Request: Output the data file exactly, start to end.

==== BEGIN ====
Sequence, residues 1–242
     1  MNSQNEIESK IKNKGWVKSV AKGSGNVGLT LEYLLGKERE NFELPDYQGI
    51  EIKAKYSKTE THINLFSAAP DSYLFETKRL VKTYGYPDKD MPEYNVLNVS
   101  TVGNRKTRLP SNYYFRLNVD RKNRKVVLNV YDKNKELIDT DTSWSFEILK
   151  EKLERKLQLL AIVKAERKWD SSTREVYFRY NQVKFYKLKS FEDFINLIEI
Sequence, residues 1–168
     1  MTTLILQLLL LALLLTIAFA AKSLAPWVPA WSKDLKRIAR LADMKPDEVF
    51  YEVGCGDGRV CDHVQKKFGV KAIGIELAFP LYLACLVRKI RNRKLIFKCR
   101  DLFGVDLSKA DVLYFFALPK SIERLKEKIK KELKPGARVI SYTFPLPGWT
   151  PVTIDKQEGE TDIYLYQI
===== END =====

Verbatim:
Sequence, residues 1–242
     1  MNSQNEIESK IKNKGWVKSV AKGSGNVGLT LEYLLGKERE NFELPDYQGI
    51  EIKAKYSKTE THINLFSAAP DSYLFETKRL VKTYGYPDKD MPEYNVLNVS
   101  TVGNRKTRLP SNYYFRLNVD RKNRKVVLNV YDKNKELIDT DTSWSFEILK
   151  EKLERKLQLL AIVKAERKWD SSTREVYFRY NQVKFYKLKS FEDFINLIEI
Sequence, residues 1–168
     1  MTTLILQLLL LALLLTIAFA AKSLAPWVPA WSKDLKRIAR LADMKPDEVF
    51  YEVGCGDGRV CDHVQKKFGV KAIGIELAFP LYLACLVRKI RNRKLIFKCR
   101  DLFGVDLSKA DVLYFFALPK SIERLKEKIK KELKPGARVI SYTFPLPGWT
   151  PVTIDKQEGE TDIYLYQI